Women in Northern Sudan are the keepers of the popular aghani al-banat, or girl's music, which plays as an interactive soundtrack to the many festive events in Sudan. Amongst the diverse music genres in Sudan, aghani al-banat with its tongu-in-cheek playful style has managed to flourish in midst of a repressive regime continuously evolving and adding to its unparalleled popularity. Though aghani al-banat is native to Central Sudan, it has taken on a uniquely cosmopolitan influence, as it has become a mainstay in Khartoum, the largest city and cultural center of Sudan.
Traditionally, aghani al-banat is performed during the Henna night and the Subhia, two parts to the wedding festivities by an Alghenaia, an accomplished female singer with a strong voice; she accompanies herself on a daluka--a clay-bodied drum covered in goat skin. An Alghenaia also teaches brides-to-be formal dances the brides will perform during festivities prior to their wedding night. Because aghani al-banat is composed of a simple beat and vocals, it has been easily passed down from one generation to the next through oral traditions whilst surviving economic and social hardships.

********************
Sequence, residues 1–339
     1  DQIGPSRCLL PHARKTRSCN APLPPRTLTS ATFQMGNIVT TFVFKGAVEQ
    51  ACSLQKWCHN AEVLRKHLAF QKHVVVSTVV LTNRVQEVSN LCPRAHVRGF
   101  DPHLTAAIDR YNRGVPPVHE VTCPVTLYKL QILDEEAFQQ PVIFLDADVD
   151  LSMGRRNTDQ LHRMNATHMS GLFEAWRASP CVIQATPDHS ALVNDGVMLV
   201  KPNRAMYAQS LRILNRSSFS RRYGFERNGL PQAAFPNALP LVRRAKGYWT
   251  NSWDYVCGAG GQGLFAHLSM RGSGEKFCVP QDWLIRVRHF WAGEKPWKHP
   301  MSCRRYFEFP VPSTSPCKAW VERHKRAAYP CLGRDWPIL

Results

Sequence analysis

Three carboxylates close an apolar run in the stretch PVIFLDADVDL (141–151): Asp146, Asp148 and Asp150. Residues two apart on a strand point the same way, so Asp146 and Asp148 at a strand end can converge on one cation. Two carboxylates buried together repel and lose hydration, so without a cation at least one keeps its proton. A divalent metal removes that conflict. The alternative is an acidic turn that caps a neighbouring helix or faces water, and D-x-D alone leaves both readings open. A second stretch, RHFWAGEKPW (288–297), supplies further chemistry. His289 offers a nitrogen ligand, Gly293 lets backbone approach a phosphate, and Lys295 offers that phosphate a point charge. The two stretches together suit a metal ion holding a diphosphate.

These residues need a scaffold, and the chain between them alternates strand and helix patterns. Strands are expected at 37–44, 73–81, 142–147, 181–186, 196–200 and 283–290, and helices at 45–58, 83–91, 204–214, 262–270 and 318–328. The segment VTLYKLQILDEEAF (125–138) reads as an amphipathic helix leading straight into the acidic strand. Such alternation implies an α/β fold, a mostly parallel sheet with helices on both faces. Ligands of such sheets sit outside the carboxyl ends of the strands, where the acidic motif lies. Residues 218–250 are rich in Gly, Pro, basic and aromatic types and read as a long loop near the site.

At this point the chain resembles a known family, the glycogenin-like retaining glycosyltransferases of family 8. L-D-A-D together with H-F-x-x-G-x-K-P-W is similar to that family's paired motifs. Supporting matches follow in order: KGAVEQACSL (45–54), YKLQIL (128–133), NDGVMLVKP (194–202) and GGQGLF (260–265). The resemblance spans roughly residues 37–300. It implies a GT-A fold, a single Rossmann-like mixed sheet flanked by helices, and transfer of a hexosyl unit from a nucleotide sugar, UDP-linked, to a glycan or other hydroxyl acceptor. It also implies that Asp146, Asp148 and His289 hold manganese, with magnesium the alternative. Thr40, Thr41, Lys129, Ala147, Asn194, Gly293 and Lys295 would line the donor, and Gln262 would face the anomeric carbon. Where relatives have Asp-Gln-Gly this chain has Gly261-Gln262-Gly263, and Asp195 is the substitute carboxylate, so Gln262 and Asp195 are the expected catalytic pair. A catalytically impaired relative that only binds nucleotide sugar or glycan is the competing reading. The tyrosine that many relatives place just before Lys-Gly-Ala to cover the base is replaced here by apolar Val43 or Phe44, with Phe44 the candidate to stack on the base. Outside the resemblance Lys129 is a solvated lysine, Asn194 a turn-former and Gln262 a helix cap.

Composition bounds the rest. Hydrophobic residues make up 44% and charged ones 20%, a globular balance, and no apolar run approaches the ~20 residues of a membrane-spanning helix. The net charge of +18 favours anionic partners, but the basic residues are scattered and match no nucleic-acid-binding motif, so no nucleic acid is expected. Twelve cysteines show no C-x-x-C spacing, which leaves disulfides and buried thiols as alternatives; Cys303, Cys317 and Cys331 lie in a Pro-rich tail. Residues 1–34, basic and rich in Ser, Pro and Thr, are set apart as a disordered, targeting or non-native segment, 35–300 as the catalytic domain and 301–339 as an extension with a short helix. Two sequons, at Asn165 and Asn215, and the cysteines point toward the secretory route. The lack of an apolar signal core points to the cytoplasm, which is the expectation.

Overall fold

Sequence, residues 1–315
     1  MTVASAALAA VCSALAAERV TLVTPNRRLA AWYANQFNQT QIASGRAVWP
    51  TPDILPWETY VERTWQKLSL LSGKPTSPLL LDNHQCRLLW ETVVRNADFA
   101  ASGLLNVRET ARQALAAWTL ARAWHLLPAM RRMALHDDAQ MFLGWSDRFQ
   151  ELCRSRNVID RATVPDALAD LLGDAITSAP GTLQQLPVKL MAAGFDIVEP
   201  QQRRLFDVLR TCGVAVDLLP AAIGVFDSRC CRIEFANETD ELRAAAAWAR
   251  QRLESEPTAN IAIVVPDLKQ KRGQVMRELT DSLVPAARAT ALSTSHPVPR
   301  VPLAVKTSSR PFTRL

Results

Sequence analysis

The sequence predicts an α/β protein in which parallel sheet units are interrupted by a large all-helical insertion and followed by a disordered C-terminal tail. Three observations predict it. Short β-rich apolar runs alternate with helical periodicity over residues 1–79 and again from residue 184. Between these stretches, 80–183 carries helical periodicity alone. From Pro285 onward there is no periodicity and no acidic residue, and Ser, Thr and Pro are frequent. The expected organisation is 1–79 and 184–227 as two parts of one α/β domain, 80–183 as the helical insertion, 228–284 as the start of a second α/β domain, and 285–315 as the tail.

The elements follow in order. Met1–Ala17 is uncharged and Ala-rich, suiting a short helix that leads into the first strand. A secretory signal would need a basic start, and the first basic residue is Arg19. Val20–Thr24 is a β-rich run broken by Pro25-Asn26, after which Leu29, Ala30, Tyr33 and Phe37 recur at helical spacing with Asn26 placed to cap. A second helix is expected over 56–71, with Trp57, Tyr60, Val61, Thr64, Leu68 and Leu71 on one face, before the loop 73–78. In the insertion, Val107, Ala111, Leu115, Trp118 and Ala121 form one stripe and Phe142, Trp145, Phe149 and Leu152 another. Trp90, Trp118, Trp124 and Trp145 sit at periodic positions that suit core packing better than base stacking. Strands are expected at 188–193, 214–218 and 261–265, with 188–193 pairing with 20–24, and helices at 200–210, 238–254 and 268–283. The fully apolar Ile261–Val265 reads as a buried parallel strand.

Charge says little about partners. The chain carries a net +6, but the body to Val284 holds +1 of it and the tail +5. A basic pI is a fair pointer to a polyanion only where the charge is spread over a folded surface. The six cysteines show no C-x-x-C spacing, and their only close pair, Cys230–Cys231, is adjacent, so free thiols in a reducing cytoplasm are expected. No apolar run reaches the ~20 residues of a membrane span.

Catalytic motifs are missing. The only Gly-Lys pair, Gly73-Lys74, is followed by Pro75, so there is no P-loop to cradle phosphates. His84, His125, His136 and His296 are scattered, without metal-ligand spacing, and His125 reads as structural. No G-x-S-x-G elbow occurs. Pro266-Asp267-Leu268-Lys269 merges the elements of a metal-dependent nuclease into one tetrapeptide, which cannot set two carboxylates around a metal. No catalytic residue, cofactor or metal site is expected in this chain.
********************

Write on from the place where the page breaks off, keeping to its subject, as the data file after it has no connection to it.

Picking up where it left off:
As part of my music, I hope to bring you some highlights from this repertoire in a new arrangement. With the Oud and percussion in hand, I will try to present a new perspective on the past originality of aghani al-banat along with new material celebrating women in that genre.